To make the finals, the firsts needed an outright in the final game against Doutta Stars which had to be changed into a Saturday-Sunday game because of a ground clash. At the end of the first day, Douttas were 7/41 in reply to our 118, and then, like so many vital parts of their season, the Sunday was rained out.
The three other senior teams were led by Tony Smith, who despite that managed to play in all four senior teams at some stage of the season, Ossie Musumeci and Len Kelly. They all managed the odd win but still finished near the bottom of their respective ladders. A lot of recruiting had to be done to get these teams in the field, with Lindsay Ellis bringing several of his mates from Glenroy High School, especially after the end of HSC exams.
Most of Lindsay’s recruits could bowl a bit, including Steve McIntyre who picked up seven wickets for “E” Grade in the first game and Joe Scerri whose 9/22 off eight overs (with one run out) got that team its only win on 17th January. And according to More News “the bowler who has got the whole club talking is Mick McAughtry, who although he hasn’t picked up many wickets yet, looks like developing into an extremely fast and useful acquisition.” In his first game this skinny 16 year old had 11 year old keeper Paul Rowe standing back more than half way to the boundary at Oak Park Swim Centre.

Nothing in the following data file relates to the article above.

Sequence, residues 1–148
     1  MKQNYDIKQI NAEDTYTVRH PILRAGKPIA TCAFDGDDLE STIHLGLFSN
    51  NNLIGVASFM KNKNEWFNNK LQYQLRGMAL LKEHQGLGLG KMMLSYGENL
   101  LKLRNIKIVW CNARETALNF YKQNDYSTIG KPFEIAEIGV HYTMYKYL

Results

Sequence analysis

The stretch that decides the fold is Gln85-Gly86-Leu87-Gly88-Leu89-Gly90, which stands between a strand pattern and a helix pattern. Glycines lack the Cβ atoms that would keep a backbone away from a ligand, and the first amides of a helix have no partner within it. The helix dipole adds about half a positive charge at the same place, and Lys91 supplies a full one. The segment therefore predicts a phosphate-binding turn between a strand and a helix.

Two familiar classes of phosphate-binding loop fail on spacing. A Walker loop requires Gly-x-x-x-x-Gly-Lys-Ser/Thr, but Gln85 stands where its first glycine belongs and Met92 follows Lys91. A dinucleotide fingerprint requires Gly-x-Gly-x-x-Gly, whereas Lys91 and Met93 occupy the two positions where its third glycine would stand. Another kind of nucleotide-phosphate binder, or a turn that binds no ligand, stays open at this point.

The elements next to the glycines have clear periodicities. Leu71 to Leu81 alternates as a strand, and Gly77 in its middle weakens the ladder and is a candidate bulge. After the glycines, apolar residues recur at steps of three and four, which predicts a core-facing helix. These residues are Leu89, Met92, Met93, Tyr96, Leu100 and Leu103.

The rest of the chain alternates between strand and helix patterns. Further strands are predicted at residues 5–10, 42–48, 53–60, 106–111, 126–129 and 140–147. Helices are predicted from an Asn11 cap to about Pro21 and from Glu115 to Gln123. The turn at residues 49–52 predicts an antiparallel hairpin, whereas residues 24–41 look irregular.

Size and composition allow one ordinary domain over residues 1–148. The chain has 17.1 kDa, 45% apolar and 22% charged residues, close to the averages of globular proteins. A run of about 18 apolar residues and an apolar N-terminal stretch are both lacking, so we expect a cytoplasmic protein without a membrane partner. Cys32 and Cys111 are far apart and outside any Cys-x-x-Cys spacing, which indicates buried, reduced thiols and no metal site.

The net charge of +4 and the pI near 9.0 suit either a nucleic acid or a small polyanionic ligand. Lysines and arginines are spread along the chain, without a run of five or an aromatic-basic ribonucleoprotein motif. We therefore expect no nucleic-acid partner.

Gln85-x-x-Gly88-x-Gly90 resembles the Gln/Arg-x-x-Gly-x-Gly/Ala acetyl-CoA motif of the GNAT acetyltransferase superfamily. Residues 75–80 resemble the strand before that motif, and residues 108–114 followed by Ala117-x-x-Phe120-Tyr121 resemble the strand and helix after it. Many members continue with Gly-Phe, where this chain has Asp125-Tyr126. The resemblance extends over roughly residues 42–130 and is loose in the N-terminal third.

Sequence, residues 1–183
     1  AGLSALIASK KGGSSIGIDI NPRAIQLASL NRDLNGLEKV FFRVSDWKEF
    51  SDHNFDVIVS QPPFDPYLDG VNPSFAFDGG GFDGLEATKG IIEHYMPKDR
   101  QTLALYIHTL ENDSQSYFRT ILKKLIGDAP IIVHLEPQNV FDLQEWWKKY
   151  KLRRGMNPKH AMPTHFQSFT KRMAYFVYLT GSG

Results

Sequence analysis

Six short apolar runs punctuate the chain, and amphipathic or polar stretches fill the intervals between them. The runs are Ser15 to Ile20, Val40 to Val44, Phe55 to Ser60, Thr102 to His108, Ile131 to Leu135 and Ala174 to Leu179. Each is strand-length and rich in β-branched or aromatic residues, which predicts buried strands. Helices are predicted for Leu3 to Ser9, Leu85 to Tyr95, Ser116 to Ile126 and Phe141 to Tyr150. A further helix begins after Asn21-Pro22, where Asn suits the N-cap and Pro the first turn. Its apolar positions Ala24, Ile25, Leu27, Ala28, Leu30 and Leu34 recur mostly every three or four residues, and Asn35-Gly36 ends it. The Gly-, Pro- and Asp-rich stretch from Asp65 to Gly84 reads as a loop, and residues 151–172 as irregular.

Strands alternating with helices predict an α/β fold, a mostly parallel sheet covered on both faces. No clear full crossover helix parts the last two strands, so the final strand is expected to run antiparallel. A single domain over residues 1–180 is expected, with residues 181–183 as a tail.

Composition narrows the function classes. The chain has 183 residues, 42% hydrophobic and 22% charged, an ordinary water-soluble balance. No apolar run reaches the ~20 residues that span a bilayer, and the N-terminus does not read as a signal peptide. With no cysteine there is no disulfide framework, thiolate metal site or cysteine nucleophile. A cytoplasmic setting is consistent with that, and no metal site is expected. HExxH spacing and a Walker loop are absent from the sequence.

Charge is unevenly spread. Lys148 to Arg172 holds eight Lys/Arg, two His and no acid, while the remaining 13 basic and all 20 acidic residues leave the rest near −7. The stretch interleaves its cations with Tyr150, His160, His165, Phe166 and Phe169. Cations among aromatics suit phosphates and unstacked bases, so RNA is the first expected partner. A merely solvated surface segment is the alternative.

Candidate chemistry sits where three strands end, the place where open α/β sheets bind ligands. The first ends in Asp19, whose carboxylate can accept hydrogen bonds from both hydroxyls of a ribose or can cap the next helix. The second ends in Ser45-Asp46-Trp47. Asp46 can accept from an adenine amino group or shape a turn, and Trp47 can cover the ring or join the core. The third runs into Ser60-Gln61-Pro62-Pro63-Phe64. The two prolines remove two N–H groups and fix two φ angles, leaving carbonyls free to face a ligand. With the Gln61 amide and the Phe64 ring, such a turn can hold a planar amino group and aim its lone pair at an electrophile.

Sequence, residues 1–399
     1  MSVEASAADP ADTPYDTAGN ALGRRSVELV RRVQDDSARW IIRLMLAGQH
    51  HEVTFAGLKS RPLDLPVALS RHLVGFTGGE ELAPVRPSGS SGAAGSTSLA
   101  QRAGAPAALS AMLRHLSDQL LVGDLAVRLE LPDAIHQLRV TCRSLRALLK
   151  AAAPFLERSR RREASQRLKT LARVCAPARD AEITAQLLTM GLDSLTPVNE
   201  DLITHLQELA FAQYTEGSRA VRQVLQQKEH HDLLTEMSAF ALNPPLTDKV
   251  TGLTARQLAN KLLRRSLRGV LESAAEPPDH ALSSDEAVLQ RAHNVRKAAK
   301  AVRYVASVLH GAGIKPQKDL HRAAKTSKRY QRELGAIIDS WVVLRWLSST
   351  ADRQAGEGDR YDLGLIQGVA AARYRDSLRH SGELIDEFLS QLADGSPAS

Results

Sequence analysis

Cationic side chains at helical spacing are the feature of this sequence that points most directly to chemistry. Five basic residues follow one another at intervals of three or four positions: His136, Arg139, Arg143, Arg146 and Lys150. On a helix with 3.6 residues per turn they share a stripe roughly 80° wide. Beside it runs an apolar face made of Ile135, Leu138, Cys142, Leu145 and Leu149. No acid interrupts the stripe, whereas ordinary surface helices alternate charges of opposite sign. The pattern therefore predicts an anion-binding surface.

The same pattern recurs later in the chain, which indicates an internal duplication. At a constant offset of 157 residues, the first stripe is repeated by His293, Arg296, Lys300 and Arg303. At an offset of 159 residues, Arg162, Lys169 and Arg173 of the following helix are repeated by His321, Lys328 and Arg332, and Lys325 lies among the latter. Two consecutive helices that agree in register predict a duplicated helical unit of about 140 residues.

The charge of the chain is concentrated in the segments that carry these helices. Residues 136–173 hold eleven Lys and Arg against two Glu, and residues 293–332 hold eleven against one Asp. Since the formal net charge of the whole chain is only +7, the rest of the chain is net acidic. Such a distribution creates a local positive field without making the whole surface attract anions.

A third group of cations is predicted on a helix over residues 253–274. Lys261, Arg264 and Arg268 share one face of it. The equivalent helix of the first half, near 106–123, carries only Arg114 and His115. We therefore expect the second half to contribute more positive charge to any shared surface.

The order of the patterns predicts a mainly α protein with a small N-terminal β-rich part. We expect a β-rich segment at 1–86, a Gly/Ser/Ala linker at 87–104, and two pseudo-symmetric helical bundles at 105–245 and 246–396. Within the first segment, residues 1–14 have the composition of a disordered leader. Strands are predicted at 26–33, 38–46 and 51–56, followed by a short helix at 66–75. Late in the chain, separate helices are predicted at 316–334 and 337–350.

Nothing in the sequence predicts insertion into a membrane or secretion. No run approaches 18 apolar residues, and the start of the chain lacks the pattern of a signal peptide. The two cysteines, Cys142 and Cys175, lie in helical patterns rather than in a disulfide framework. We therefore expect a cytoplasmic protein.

Despite gaining use of Lebanon Reserve for one of our senior teams, we still had eight teams which had to be accommodated at the ground in what is now Melrose Drive, Tullamarine, and other spare wickets in different parts of the City of Broadmeadows. We were certainly not satisfied with this situation, so in the latter part of 1975 More News took a very keen interest in the opening up of discussions about the extensive thistle fields running from the Essendon Airport fence line down to and across the Moonee Ponds Creek—an undeveloped area which separated the two parts of the Strathmore Heights estate.
The fledgling Strathmore Progress Association, under the leadership of Lamart Street resident Alistair Fraser, held its first “Creek Day” family picnic at the site to encourage local residents to look at the potential of the area, for which the City of Broadmeadows had assumed responsibility for management and development. Our Cricket and Football Clubs had also set up a joint Development Sub-Committee under the leadership of the barrister and junior parent Frank Walsh.